Elexacaftor; tezacaftor; ivacaftor: (Moderate) Administration of tezacaftor; ivacaftor may increase the systemic exposure of everolimus. Appropriate monitoring should be used; adjust everolimus dosage as necessary. Everolimus is a P-gp substrate; ivacaftor is a weak inhibitor of P-gp. (Moderate) Monitor for increased everolimus adverse reactions if coadministered with ivacaftor as concurrent use may increase everolimus exposure. Everolimus is a substrate of CYP3A4 and P-gp with a narrow therapeutic index; ivacaftor is an inhibitor of CYP3A4 and P-gp.
    Eliglustat: (Major) In poor CYP2D6 metabolizers (PMs), coadministration of everolimus and eliglustat is not recommended. In extensive CYP2D6 metabolizers (EM) with mild hepatic impairment, coadministration of these agents requires dosage reduction of eliglustat to 84 mg PO once daily. Everolimus is a weak CYP3A (and CYP2D6) inhibitor; eliglustat is a CYP3A and CYP2D6 substrate. Because CYP3A plays a significant role in the metabolism of eliglustat in CYP2D6 PMs, coadministration of eliglustat with CYP3A inhibitors may increase eliglustat exposure and the risk of serious adverse events (e.g., QT prolongation and cardiac arrhythmias) in these patients.
    Elvitegravir; Cobicistat; Emtricitabine; Tenofovir Alafenamide: (Major) Avoid coadministration of cobicistat with everolimus (Afinitor; Afinitor Disperz) due to increased plasma concentrations of everolimus. Coadministration of cobicistat with everolimus (Zortress) is not recommended without close monitoring of everolimus whole blood trough concentrations. Everolimus is a CYP3A4 substrate as well as a substrate of P-glycoprotein (P-gp); cobicistat is a strong inhibitor of CYP3A4 and a P-gp inhibitor. Coadministration with another strong CYP3A4/P-gp inhibitor increased everolimus exposure by 15-fold.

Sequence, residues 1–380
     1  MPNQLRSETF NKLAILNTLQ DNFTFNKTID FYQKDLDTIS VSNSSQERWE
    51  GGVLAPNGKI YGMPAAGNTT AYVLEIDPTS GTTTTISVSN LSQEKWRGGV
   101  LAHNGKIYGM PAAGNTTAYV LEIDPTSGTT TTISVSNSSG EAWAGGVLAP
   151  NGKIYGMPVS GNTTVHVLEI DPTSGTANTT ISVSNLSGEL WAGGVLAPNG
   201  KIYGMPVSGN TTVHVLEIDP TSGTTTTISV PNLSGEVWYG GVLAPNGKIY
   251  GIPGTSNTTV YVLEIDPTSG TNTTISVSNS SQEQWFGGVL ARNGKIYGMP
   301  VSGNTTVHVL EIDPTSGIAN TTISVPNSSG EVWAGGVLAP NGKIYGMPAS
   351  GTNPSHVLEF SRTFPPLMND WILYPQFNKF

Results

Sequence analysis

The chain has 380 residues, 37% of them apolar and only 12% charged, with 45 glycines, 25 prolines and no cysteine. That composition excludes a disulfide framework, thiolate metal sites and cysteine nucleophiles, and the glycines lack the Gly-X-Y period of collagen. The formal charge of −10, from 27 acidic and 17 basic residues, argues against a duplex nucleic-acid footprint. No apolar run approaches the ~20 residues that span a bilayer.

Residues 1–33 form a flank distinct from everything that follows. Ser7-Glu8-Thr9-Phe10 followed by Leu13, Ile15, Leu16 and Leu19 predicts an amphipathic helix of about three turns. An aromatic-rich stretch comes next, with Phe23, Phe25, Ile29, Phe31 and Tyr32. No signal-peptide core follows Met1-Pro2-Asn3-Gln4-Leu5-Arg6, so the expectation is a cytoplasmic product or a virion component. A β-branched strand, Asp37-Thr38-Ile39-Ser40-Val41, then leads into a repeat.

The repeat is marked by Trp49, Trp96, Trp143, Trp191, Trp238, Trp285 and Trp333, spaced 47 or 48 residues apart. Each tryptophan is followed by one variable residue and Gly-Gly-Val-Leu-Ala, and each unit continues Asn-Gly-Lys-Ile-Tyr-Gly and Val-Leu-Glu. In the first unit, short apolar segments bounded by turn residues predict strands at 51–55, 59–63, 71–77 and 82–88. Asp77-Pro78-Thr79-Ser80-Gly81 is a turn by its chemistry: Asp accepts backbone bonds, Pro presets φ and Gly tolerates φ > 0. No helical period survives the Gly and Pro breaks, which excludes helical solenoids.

Elvitegravir; Cobicistat; Emtricitabine; Tenofovir Disoproxil Fumarate: (Major) Avoid coadministration of cobicistat with everolimus (Afinitor; Afinitor Disperz) due to increased plasma concentrations of everolimus. Coadministration of cobicistat with everolimus (Zortress) is not recommended without close monitoring of everolimus whole blood trough concentrations. Everolimus is a CYP3A4 substrate as well as a substrate of P-glycoprotein (P-gp); cobicistat is a strong inhibitor of CYP3A4 and a P-gp inhibitor. Coadministration with another strong CYP3A4/P-gp inhibitor increased everolimus exposure by 15-fold.
    Emapalumab: (Moderate) Monitor for decreased efficacy of everolimus and adjust the dose as needed during coadministration with emapalumab. Everolimus is a CYP3A4 substrate with a narrow therapeutic range. Emapalumab may normalize CYP450 activity, which may decrease the efficacy of drugs that are CYP450 substrates due to increased metabolism.
    Enalapril, Enalaprilat: (Moderate) The risk of angioedema, with or without respiratory impairment, may be increased if everolimus is given with other drugs known to cause angioedema such as the angiotensin-converting enzyme inhibitors (ACE inhibitors). In a pooled analysis of randomized, double-blind oncology clinical trials, angioedema was reported in 6.8% of patients receiving concomitant everolimus and ACE inhibitor therapy, compared to 1.3% of patients with an ACE inhibitor alone. If coadministration is necessary, educate patients regarding signs and symptoms of angioedema and monitor therapy closely.